This was the same year that the county school system, under the leadership of Superintendent Dr. Harry C. Rhodes, integrated and combined Kennard with the three county high schools for white students into one centrally located institution, Queen Anne’s County High School. The newly wed Mrs. Hollis helped make the transition run as smoothly as possible. “It was an adjustment for everyone because it was new,” she remembers, “but I soon realized students were students no matter their race or where they were from.”
As a teacher, Mrs. Hollis never sat much. She liked to walk around her classroom. It helped her keep an eye on her students’ behavior and make sure everyone understood the lessons she taught. Inattentiveness on the part of her pupils might earn them a pinch on the ear. At one point she started collecting notes she confiscated. She says the clandestine communiques were rarely scandalous, just mild school gossip, weekend plans, “everything but math.” She calls this file “What Students Are Doing While You Think You’re Teaching.”
After another fifteen years, including time spent as chairperson of the math department, Mrs. Hollis retired in 1981. Having prided herself on learning all 100 of her annual students by name in the first two weeks of the school year, she felt it was nearing her time to call it a career the day that she called one of her students by the wrong name.
In 1985 she was appointed to the county Board of Education, the first black woman to serve in that position. One of her goals was to recruit more minority teachers. She spent ten years on the board, two as president. She was also an engaged partner in successful efforts to transform the original 1936 Kennard school building into a community center and noted historic landmark.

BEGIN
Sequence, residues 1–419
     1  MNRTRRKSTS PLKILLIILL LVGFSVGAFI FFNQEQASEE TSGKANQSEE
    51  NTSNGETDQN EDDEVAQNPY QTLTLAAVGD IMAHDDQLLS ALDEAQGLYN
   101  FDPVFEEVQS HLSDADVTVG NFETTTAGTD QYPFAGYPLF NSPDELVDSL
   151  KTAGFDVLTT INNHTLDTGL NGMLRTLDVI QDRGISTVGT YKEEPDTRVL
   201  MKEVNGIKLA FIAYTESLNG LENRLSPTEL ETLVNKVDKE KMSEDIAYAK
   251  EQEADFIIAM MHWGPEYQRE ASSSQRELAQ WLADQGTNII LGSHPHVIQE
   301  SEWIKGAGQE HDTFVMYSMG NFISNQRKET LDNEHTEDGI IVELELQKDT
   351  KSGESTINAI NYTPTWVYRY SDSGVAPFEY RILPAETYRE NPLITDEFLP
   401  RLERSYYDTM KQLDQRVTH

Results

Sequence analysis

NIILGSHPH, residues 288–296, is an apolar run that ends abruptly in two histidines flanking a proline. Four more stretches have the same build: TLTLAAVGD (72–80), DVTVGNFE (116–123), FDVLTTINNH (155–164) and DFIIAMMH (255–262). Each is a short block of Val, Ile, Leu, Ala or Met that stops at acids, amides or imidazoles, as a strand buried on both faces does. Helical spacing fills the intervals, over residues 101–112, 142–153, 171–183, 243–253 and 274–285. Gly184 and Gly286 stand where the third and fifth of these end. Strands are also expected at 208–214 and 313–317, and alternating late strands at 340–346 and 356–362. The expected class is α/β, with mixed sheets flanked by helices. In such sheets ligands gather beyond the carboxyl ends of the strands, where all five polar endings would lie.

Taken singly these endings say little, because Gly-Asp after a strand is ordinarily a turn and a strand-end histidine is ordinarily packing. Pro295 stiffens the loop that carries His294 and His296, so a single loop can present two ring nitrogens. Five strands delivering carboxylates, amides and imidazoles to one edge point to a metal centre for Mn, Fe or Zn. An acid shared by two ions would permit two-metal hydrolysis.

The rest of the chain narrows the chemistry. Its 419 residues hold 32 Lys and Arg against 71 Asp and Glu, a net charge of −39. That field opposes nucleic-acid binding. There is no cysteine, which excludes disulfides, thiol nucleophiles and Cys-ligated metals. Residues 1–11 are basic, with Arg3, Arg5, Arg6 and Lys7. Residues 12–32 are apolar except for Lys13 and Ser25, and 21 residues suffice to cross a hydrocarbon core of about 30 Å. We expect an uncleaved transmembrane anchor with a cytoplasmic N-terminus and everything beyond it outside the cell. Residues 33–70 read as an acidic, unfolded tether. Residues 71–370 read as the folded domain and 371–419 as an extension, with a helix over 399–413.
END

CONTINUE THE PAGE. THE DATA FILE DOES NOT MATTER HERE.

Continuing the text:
In 2022, former colleagues, students, and the community in general united to celebrate Mrs. Hollis’s 95th birthday. The event was held in the Kennard African American Cultural Center, her first home as a Queen Annes County teacher, just down the hallway from her old classroom, now restored and named in her honor. Poems were read, songs were sung, gifts were presented, and refreshments were served to the large turnout of well-wishers who attended.
Thinking about her long career, Mrs. Hollis says that she only ever wanted the best for her students. “I was a good disciplinarian,” she says. “I had to work hard. I didn’t have it easy, and it always bothered me to see kids waste time, but to watch a child’s eyes light up when they’ve come to understand something after struggling with it has been one of my greatest joys. It makes me feel good to know I’ve been a positive part of so many lives.
“And if nothing else,” she chuckles, “I know that to graduate, they all had to get past me.”
Brent Lewis is a native Chesapeake Bay Eastern Shoreman. He has published two nonfiction books about the region, “Remembering Kent Island: Stories from the Chesapeake” and a “History of the Kent Island Volunteer Fire Department.” His most recent book, “Stardust By The Bushel: Hollywood On The Chesapeake Bay’s Eastern Shore”won a 2023 Independent Publishers award. His first novel, Bloody Point 1976, won an Honorable Mention Award at the 2015 Hollywood Book Festival. He and his wife Peggy live in Centreville, Maryland.